The idea was that .image and .texture aren’t misleading, there are no existing file formats with that extension. And, since it’s format-agnostic as well, it will also make things easier to maintain in the future since a change in format (say, make them png) needs no change to the resources referencing them (like sprite files, animation files, meshes, or system definition files). And this is the point that makes the rename really necessary, since especially mods have asked for support of higher-quality textures by replacing the dds textures with lossless png textures, or high-quality jpegs. If we said “let’s rename them to .dds”, then the mod would have to have a dds file that was a png. So the only real choice is the format-agnostic choice. Since, over time, the desired codec used for images has changed and will be changing with the available technology, we decided that a codec agnostic extension was the best course of action to stop the constant confusion that people have been experiencing when the filename’s extension doesn’t match the real codec used.
The renaming might be annoying for those who have to re-download all graphics again. Though we were very careful to use the svn move command for renaming, it appears that svn doesn’t want to behave correctly in all the cases and, instead of moving also the files in your working copy, makes a completely new download. But this one renaming and re-download is to stop any need to change the names ever again whenever we change the underlying data type and to stop user confusion over conflicting info. It should have been done long ago, but has always been put aside until today.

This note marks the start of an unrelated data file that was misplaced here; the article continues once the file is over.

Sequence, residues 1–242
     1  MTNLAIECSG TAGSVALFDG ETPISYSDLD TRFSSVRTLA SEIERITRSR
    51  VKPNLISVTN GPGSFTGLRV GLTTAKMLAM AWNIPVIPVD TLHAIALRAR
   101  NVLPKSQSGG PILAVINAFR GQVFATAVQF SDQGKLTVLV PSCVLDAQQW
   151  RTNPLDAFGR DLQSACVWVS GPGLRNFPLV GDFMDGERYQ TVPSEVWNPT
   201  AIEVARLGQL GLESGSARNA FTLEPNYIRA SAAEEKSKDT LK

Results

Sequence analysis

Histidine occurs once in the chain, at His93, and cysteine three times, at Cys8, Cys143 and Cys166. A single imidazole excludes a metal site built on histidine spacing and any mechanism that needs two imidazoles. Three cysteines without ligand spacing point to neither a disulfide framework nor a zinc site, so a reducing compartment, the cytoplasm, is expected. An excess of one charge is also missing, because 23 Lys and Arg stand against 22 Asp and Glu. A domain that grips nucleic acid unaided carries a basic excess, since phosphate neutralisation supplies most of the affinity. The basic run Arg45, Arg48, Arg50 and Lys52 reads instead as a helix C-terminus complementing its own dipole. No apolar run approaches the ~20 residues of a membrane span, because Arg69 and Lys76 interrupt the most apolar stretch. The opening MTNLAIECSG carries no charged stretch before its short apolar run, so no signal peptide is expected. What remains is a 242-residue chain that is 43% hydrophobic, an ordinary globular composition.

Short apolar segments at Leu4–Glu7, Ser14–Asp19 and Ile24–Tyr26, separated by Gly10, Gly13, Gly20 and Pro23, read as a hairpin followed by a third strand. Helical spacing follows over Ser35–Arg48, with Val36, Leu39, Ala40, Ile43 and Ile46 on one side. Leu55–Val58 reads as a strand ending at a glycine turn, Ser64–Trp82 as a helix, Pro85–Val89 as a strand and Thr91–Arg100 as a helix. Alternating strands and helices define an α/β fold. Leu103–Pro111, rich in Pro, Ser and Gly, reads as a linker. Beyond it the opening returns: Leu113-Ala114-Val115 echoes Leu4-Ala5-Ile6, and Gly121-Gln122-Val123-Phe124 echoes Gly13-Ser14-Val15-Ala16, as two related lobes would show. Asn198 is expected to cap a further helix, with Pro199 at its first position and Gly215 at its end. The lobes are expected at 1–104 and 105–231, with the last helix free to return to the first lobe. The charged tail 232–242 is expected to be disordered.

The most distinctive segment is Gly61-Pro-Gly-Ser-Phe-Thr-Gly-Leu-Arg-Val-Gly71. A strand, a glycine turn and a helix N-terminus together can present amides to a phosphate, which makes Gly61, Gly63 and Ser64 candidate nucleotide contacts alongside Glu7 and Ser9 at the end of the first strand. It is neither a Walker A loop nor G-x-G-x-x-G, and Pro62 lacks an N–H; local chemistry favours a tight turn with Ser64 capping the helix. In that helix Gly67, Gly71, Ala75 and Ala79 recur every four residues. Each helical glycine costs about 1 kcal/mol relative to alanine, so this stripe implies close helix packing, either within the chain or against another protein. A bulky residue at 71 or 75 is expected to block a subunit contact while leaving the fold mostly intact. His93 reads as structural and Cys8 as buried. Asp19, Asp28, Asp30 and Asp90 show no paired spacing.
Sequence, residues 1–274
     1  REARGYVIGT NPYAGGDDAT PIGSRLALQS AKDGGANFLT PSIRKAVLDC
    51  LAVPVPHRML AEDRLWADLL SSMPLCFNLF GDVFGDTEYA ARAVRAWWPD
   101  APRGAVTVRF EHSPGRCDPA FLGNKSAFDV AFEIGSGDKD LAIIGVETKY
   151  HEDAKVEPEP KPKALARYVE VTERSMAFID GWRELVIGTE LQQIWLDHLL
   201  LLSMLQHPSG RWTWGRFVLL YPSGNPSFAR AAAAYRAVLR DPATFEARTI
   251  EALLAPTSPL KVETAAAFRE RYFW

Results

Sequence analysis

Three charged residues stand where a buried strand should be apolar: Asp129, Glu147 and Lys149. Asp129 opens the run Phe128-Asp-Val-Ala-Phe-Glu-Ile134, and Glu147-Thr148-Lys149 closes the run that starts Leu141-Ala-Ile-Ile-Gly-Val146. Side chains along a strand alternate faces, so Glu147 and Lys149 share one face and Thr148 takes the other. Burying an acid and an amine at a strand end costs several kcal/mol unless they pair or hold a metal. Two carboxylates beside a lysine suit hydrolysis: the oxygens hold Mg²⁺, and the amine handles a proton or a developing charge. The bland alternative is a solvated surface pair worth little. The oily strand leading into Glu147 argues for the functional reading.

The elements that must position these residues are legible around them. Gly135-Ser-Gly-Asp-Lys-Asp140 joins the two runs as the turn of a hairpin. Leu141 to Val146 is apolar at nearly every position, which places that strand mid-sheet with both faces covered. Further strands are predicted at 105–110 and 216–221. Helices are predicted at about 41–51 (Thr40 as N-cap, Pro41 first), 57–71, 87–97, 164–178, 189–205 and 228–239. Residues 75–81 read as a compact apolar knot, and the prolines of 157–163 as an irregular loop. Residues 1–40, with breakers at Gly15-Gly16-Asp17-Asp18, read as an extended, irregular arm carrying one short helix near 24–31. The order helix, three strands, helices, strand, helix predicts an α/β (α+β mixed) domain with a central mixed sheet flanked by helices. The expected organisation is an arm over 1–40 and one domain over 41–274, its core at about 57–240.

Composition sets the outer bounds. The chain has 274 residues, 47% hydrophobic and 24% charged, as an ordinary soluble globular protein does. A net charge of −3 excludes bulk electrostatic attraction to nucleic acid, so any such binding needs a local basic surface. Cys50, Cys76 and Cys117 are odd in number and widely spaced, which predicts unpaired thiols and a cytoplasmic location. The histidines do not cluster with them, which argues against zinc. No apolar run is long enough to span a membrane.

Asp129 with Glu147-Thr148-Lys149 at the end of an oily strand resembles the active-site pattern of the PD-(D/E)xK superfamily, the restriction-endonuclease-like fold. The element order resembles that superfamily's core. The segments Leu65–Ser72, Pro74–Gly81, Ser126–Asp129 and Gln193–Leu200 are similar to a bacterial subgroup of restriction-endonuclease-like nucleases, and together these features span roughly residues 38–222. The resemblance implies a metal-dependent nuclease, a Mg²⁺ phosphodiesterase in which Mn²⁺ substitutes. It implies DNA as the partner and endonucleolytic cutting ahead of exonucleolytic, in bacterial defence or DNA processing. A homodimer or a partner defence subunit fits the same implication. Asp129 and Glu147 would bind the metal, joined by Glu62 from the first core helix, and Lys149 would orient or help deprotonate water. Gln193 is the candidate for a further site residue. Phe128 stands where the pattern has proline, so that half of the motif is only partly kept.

The recent folder structure was also changed on they was and is now as follows:
- data holds the dds compressed images and textures
- masters holds the source and project files used to create the art and master images with the correct codec-dependent extensions.
- hqtextures holds the non-dds compressed high quality png or jpeg files (though with the same extension as in data).
This means that the data folder isn’t intended for artists at all. It’s only VS UTCS game data. You have the masters repository where things have proper extensions and are artist-friendly, but data needs not be so. This means that you shouldn’t be editing data images but always edit/generate master images and then export to data. hqtextures are optional if you want to see in-game high quality graphics. It will not be compressed on loading into the GPU, so beware, the memory consumption will increase. You have been warned.
With the renaming comes the question: how can I view the images and textures without resorting to a complete masters repository download? It is possible, however your viewer will be required to understand the dds format. For GIMP (Win/Posix) and IrfanView (Win) there are plug-ins available that can read dds files (see http://vegastrike.sourceforge.net/wiki/Links:Graphic_Applications#2D_Graphic_Converters for a list). Several viewers come with native dds support (e.g. KDE supports DDS hence also GwenView, KView, and Konqueror). If in trouble, try renaming the graphics to .dds or .png and see if your application can read it.
Actually, all software should rely on file magic mime typing to determine the codec type of the file (where such a distinction can be made) and not extensions. Extensions are for humans. In theory, no application worth using should give any problem about .image or .texture file loading if it has the appropriate decoder installed. Unfortunately, the reality can be different and a bit more annoying. In Windows, there are several ways of associating extensions with specific applications (e.g. Open With../Always use this program…), which should ease the desktop integration of the new extensions. In Linux you can do a similar operation (Open With…, select the application e.g. GwenView or KView, and check “Remember application association…”) and will be able to view the images directly from Konqueror. While there might be other ways under Linux which I haven’t yet explored, Mac remains black magic to me.
Hopefully this clarifies things up a bit.